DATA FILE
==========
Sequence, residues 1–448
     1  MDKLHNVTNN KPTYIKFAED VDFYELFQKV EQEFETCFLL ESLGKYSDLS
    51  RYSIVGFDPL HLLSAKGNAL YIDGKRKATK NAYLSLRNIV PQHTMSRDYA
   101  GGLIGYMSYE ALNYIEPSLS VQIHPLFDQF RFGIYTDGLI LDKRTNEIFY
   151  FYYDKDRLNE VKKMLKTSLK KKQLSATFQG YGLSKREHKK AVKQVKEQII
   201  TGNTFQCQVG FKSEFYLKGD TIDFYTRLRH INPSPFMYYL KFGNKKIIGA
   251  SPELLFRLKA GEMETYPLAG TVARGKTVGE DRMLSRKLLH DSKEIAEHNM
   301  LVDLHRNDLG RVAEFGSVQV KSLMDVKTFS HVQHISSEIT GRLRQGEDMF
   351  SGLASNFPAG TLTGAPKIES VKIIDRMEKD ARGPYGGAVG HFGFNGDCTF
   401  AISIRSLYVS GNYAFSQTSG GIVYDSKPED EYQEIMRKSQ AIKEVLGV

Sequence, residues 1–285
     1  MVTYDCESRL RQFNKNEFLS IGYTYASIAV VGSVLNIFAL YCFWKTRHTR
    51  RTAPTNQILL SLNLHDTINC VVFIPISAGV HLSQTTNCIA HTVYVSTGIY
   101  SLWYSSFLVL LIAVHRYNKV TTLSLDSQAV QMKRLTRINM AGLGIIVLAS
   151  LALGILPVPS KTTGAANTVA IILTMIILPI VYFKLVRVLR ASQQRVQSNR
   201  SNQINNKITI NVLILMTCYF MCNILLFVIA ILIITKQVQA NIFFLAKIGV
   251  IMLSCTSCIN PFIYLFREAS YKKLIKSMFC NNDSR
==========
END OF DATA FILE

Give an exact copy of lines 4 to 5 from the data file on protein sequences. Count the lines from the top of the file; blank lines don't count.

   101  GGLIGYMSYE ALNYIEPSLS VQIHPLFDQF RFGIYTDGLI LDKRTNEIFY
   151  FYYDKDRLNE VKKMLKTSLK KKQLSATFQG YGLSKREHKK AVKQVKEQII